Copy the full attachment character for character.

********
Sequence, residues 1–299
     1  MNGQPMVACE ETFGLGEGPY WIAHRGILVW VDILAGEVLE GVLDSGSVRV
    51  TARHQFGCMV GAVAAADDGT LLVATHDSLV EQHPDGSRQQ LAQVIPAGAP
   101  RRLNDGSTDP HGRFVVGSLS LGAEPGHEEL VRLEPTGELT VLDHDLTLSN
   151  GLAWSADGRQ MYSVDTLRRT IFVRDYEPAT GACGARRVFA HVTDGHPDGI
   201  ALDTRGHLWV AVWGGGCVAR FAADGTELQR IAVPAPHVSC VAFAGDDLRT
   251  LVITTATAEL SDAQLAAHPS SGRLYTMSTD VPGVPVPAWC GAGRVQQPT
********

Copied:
Sequence, residues 1–299
     1  MNGQPMVACE ETFGLGEGPY WIAHRGILVW VDILAGEVLE GVLDSGSVRV
    51  TARHQFGCMV GAVAAADDGT LLVATHDSLV EQHPDGSRQQ LAQVIPAGAP
   101  RRLNDGSTDP HGRFVVGSLS LGAEPGHEEL VRLEPTGELT VLDHDLTLSN
   151  GLAWSADGRQ MYSVDTLRRT IFVRDYEPAT GACGARRVFA HVTDGHPDGI
   201  ALDTRGHLWV AVWGGGCVAR FAADGTELQR IAVPAPHVSC VAFAGDDLRT
   251  LVITTATAEL SDAQLAAHPS SGRLYTMSTD VPGVPVPAWC GAGRVQQPT